TOWARD A NEW ERA FOR
School of Public Health, University of Alberta, Canada
Faculty of Law, McGill University, Canada
INTERNATIONAL EXPERT GROUP ON BIOTECHNOLOGY,
INNOVATION AND INTELLECTUAL PROPERTY
An Era of New IP based on
Lessons from Case Studies
◦ Indigenous Knowledge
The Innovation Partnership
For better or for worse, biotechnology
is at the centre of current debates
about health care, the environment,
food and development.
For a decade, there have been clear
signs that the present way we deal
with intellectual property is breaking
Recognizing the Problem
Our team recognized the need for a new
era in IP, in which the biotechnology
industry will need to become more open
We recognized that the stories we told
ourselves about the primacy and
necessity of patents and other IP rights
are wrong, and that there are universal
barriers to collaboration.
Many were born of a lack of trust among
A lack of infrastructure threatens the ability
of LMICs to participate in biotechnological
No one actor has the knowledge or capacity
to carry out innovation and to distribute new
products and services to those who need and
Sharing and collaboration are key to future
While there are certainly products that are on
the market today because of IP, there are
certainly others that were never developed or
never delivered because of it.
The move from Old IP to New IP
At the heart of the move from Old IP to
New IP is an emphasis on
collaborations and partnerships
instead of hoarding and distrust.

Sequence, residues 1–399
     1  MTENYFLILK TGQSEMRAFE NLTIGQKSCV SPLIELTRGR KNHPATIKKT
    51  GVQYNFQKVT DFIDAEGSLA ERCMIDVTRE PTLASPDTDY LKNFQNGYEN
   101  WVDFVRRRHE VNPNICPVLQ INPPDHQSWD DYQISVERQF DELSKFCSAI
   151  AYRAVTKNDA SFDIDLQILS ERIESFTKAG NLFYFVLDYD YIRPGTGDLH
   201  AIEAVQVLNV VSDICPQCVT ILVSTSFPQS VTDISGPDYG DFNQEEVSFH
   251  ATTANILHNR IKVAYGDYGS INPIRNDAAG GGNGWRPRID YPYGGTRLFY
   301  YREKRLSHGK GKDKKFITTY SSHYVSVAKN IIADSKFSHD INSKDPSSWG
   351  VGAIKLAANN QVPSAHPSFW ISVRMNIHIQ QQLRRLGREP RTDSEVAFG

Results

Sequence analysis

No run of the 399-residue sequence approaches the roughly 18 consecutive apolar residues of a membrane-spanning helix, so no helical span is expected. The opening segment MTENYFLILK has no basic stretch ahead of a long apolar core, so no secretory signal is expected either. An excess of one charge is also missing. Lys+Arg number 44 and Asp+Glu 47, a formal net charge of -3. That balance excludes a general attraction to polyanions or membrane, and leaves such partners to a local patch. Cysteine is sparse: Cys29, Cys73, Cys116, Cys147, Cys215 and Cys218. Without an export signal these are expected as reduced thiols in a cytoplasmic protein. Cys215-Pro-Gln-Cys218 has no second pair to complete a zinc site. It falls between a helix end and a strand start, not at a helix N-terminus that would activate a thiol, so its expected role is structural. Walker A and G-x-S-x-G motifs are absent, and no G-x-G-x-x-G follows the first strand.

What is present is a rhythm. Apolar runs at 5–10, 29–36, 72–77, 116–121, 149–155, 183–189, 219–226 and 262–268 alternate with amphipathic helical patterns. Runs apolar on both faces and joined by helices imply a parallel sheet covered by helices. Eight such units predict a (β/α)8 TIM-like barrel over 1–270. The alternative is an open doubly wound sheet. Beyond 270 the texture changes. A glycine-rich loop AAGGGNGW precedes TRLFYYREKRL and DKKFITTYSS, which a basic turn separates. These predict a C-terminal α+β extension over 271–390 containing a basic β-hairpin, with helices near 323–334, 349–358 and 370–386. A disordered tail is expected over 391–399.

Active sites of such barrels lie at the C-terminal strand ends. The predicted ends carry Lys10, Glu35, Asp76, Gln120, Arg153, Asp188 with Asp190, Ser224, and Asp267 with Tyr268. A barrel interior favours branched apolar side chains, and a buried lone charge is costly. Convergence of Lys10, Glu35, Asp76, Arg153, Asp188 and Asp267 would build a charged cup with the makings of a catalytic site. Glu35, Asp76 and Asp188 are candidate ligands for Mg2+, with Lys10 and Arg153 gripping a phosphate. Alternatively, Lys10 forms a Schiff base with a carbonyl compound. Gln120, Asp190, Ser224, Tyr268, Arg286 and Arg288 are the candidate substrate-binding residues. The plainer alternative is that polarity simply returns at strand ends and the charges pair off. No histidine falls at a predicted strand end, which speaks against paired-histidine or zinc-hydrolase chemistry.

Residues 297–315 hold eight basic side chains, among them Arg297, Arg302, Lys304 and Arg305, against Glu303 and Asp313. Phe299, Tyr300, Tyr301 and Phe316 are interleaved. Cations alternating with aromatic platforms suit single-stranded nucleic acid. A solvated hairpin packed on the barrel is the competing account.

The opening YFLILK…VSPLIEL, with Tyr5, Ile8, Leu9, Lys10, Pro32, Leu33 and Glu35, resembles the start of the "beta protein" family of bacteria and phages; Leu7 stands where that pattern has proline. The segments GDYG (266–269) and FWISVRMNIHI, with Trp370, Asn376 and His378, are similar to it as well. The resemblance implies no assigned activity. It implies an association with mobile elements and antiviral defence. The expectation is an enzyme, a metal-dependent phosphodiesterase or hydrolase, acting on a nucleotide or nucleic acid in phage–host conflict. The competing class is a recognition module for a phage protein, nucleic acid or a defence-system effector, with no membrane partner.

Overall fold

Collaboration requires breaking out of
the ruts in our thinking that have
plagued Old IP.
We need more and better
Recommendations - Government
Pay attention to all the components of innovation,
such as health and environmental regulations,
the judicial system, tax rules and marketplace
regulation, and not simply IP.
Work with industry to support the creation of
independent trust builders to mediate disputes,
encourage dialogue and to engage indigenous
and local communities in policy development.
Develop Public-Private Partnerships to conduct
early stage research including through the
sharing of health related data while protecting
Support the development and dissemination of
novel business models that feature collaboration.
Collect standardized patent-related
information, including license data as
they are doing in Japan.
Assist developing countries and NGOs
in finding out which patents exist in
order to enable licensing.
Recommendations - Industry
Establish an independent, non-profit
technology assessment organization to
evaluate new biotechnology products
from developing countries.
Participate actively in the creation of
Public-Private Partnerships and other
Be transparent about their patent
Develop new business models that
promote partnerships and collaborations.
Recommendations - Universities
Develop clear principles relating to the use and
dissemination of their intellectual property and
promote greater access and broad licensing.
Develop measures of the success of their
transfer of technology based on social returns
rather than on the number of patents they hold.
Enter into collaborations between developed
and developing countries to ensure that
developing country doctoral and post-doctoral
students have opportunities to study and work
TK Case Study: The Problem
Indigenous communities concerned about
protecting TK from inappropriate use.
Bio-piracy vs. Bio-prospecting.
Has lead to calls for an international
regime to recognize indigenous rights
over TK and other expressions of culture.
Legal entitlement to a share in benefits
from commercialization/use of TK.
Enhances biological and cultural diversity
Till recently, international discussion
focussed on property rights.
The Problem with Intellectual
Property Rights for TK